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The Character Interview as a Writing Tool

Updated on March 25, 2014
DonnaCSmith profile image

Donna Campbell Smith is a published author, freelance writer, and photographer. She also specializes in horses.

 

When writing a novel it is important to know your characters, and it makes life easier to get to know them early in your writing. There may be things in your character's past that you will not write in your book, but will still influence how the story plays out. One way to glean this information is to interview your characters and ask them some questions about their childhood, events or people who made an impact on their lives and their present circumstances.

Ask all your characters these questions and let them answer in first person. Free write what comes to mind without self-editing. You can add questions of your own. This will help your story line develop and give voice to your characters. Keep these interviews in a file so you can refer to them later as your story evolves.

Character Interview Questions

  1. What do you do for a living?
  2. Are any other people living with you? Who are they?
  3. Tell me about your parents. How well do/did you get along with them?
  4. What was your birth order? How many siblings did you have? Older? Younger?
  5. Who else was in your family while you were growing up? How did you get along with them?
  6. What were three things you liked to do when you were a child?
  7. What were you afraid of when you were a child?
  8. How did you respond to the physiological and psychological changes in your life as a teenager?
  9. What makes you happy now?
  10. What is your greatest fear?
  11. What would you change about yourself if you could?
  12. What is it that you have never told anyone?
  13. What do you want? (This is the key to your story!)

Can you think of other questions you want to ask your characters? Share them with us in the comments box.

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    • Homeplace Series profile image

      William Leverne Smith 

      4 years ago from Hollister, MO

      Very useful. I've done this quite a bit, but there are always other effective tools to use. Thanks for this hub that added to my toolbox! ;-)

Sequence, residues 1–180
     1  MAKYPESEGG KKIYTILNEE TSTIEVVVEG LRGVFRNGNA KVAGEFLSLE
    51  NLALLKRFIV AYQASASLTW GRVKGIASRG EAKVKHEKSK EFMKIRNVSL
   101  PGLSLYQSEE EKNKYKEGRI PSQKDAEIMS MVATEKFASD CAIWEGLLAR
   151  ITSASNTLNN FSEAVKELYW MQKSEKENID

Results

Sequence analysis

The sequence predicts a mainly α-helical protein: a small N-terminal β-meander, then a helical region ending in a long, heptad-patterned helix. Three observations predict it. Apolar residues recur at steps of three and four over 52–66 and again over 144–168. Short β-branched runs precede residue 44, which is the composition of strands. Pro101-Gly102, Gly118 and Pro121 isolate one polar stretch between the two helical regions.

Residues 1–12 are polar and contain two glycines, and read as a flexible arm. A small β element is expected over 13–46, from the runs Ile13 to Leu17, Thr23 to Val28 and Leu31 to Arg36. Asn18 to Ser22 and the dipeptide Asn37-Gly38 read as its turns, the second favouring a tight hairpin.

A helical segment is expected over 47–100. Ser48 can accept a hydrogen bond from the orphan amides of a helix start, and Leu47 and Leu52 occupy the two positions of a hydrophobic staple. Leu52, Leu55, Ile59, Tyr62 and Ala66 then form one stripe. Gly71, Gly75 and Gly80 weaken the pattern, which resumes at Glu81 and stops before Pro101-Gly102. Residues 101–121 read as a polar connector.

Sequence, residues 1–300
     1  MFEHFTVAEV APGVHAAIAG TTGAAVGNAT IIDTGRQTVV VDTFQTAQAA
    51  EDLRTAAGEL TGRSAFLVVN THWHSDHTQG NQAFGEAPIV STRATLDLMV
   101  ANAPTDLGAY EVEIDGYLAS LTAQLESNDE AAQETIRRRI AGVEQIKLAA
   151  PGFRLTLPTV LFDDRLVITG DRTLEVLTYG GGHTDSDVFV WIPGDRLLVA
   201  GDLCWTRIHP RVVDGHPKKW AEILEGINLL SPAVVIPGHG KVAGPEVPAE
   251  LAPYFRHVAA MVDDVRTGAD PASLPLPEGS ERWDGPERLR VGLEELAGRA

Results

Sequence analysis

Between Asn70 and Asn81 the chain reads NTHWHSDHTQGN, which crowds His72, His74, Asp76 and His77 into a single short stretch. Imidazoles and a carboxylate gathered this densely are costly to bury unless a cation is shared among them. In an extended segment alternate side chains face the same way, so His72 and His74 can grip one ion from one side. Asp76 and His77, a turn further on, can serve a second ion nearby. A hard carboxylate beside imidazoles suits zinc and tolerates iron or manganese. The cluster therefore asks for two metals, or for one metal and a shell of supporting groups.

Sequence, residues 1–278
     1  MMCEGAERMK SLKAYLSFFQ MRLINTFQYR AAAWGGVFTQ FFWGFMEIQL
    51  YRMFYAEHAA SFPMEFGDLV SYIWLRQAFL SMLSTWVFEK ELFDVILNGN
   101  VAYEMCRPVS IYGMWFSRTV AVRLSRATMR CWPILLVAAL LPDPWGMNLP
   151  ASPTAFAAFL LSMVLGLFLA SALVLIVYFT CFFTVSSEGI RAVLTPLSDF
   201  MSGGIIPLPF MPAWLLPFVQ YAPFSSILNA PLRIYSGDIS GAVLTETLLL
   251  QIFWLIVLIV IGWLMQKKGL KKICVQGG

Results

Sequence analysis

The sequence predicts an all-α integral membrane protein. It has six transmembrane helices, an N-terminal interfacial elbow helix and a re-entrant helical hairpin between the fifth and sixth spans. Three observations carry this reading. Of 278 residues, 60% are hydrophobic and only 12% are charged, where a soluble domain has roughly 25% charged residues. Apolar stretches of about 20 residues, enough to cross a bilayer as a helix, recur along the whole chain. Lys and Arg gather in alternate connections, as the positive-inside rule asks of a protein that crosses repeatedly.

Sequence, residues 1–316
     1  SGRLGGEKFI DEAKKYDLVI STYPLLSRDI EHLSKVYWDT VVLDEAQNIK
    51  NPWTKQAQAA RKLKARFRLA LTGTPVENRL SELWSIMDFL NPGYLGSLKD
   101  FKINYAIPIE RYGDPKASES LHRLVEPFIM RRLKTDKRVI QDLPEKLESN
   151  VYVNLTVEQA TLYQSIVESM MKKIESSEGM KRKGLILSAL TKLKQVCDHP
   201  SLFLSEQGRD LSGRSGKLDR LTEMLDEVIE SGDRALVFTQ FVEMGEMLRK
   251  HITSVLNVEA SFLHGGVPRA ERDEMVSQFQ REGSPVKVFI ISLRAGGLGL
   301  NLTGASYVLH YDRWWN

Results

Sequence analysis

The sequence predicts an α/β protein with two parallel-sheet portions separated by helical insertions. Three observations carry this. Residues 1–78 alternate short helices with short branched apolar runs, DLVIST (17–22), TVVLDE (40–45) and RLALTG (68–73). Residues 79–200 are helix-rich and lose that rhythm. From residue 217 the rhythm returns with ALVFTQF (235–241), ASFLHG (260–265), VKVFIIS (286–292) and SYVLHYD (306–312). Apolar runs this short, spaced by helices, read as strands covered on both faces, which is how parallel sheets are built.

• profile image

      tabby 

      6 years ago

      try more questions you think someone whould ask you if they where interviewing you that's all i can say lol :)

    • profile image

      jennifer 

      7 years ago

      nice

    • profile image

      Lynncar 

      8 years ago

      I like to invite my characters over for a pre-production lunch. We have some pizza and beer and let everyone be themselves and what they think of the story. They may have some good suggestions. Of course, the characters have to act in character. I may ask them questions and see how they react to each other. For instance, "If Joan were to walk up and slap you, Mary in the face, what would you do?" or "If Maury gave your girlfriend a pair of diamone earrings, how would you react?" Then, after they've had a few brews, I'd leave the room and spy on them from a hidden camera to see how they "really" get along. This way I can see how my trouble makers operate, see who the quiet ones are, who the funny ones are, who leads the conversation, who tries to smooth the feathers if it starts to get out of hand. etc.

    • profile image

      Eskarina 

      8 years ago

      Very interesting how one can learn about their character simply by how the question is phrased, I found out from this that one of my characters doesn't have a clue what 'Psychological' means.

    • profile image

      8 years ago

      Possible questions to ask:

      What are your hobbies and interests?

      What motivates you?

      Of what are you proudest?

      What is your most embarrassing memory?

      What was your first date like?

      How did you meet the person of your dreams?

    • Xaquizzle profile image

      Xaquizzle 

      8 years ago from California

      Amazing hub! Very helpful. :)

    • profile image

      Ellie 

      10 years ago

      I love the interview concept and it is especially useful when writing a play. The characters almost - at least it's my experience - almost talk back to you to tell you what to write. Great idea - and suggestion.

    • DonnaCSmith profile imageAUTHOR

      Donna Campbell Smith 

      10 years ago from Central North Carolina

      LOL, sure!

    • Rochelle Frank profile image

      Rochelle Frank 

      10 years ago from California Gold Country

      Can I be one of your characters? I like pizza and beer.

    • DonnaCSmith profile imageAUTHOR

      Donna Campbell Smith 

      10 years ago from Central North Carolina

      Thank you, Sally. I am going to add those questions to my own notes. And yes, I think it really helps get the story going to explore the characters. As one of my writer friends likes to say, "Take them out for a pizza and some beer and hear what they have to say."

    • Sally's Trove profile image

      Sherri 

      10 years ago from Southeastern Pennsylvania

      Donna, I'd like to add: Who are your best friends? Who were your best friends in the past, and why aren't they your best friends today?

      I think I could add many more, because this process of discovery you map out develops the character as a tangible person not only in your mind but in the mind of the eventual reader.

      The character interview questions are also an excellent exercise in *demolishing* writer's block. Just spend a few moments on a character while guided by your questions, and constipated writing can take off like a rocket. (No, I was not going for a more logical metaphor here!)

      Excellent advice.

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